To make things even more surprising, our drivers started hassle-free with our BMW Charge card.… Who would have thought! The team had less luck in the last city visited in northern Sweden. None of the maps in the full hands of the pilots were able to start the loaders at Gällivare. As many times before, the app to operate the chargers had to be downloaded and was only used for chargers located in the beautiful town of Gällivare — how convenient!
Ok, truth be told, the app had one user-friendly feature – i.e. it could be connected to any chosen RFID card to start the chargers (we used our GreenWay card). It was a small sweetener, but well appreciated.
Day 5: Northern Sweden to Northern Finland—and Disaster
The building we stayed in in the town of Gallivare, Sweden, is either new or has just been moved there, like many other buildings in the area. The reason for this extraordinary effort by the local authorities is a hole a few hundred meters long and a hundred meters deep – a deformation of the ground linked to mining in Malmberget. What once drove the industrialization of Sweden and Europe is now causing serious headaches for state-owned LKAB, local authorities and the people of Malmberget.
All the neighboring houses of this famous iron mine must either be moved or simply demolished. The sight of empty streets with lampposts, sidewalks and no buildings is quite an experience. We all want to believe we’ve learned our lesson, especially with all the plans to start mining new valuable particles of graphite, cobalt or lithium in the Arctic Circle. I want to believe that we will do better this time. For today, the site attracts former residents who come to remember and reflect. One of them, Kurt, was so deep in thought that he didn’t notice our team was driving and crashed into the BMW. No one was hurt thankfully, but we may have to use another car to complete our trip.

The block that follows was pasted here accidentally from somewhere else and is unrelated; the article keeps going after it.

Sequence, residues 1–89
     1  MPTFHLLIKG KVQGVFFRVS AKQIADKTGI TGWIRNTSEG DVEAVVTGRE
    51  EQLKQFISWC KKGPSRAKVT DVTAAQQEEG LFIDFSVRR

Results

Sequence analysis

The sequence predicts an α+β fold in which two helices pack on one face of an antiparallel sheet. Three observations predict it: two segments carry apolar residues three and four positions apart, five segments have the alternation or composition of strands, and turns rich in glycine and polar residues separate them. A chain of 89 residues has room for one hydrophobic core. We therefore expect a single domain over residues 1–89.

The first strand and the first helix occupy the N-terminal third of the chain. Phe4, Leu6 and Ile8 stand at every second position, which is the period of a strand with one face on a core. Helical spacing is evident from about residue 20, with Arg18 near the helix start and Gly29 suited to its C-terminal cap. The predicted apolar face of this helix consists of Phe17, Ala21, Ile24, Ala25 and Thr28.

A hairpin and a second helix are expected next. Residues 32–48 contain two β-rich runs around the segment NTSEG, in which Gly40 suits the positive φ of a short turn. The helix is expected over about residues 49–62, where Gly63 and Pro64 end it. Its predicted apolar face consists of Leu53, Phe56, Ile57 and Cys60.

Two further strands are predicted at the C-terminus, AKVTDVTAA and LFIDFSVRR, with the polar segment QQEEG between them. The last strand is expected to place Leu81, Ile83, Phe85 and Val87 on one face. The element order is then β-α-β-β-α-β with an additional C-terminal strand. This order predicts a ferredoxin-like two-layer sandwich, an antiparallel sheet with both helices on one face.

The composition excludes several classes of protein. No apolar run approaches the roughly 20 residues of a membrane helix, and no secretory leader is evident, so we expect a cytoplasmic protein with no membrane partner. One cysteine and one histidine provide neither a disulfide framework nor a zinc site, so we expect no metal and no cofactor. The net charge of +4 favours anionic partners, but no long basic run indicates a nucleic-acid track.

For now, the team continued to advance to reach a small cabin they had rented in northern Finland. 330 km to go, no chargers along the way, minus 30°C outside. Does this sound like the ultimate winter EV test? I do, and judging by the tension in the crew’s voices, when we spoke on the phone, they all agreed.
The range claimed by the car was 350 km, the temperature difference between outside and inside was 50 degrees, three adults and a lot of gear inside, the BMW iX was ready to roll and it passed the test. The average consumption was 27.8 kWh/100 km. At the last station charging fee, that meant $8/100km. Knowing that the price of gasoline at the Swedish gas station was $2/l, we could estimate that the same trip in a comparable fossil-fueled SUV would cost $19/100 km. Electric vehicles win, again.
Also, our Mamba charging cable passed another extreme test charging the BMW at minus 32°C, which I don’t think anyone has tested in the lab before.
Friday: February 25 — nothing will be like before
The team is made up of three people: two Poles and a Ukrainian, Olga. His parents live in Kyiv. At night, they hear shells flying above their roofs. Being in Norway, we can clearly hear the war on the phone. War is all around us. 400 km behind the Arctic Circle, in a small village, a quiet Norwegian speaks out, openly wishing Putin’s imminent death. Even in these peripheries of Europe, the invasion of Ukraine by Russia arouses emotions.
We love how Peter Badik of GreenWay put it: “I am shocked at how dependent we are on corrupt despotic regimes like Putin’s Russia. We must realize that their wealth comes from us, with countries buying their resources and thus funding corruption. I firmly believe that all companies developing e-mobility contribute a little to reducing this dependency. I couldn’t agree more.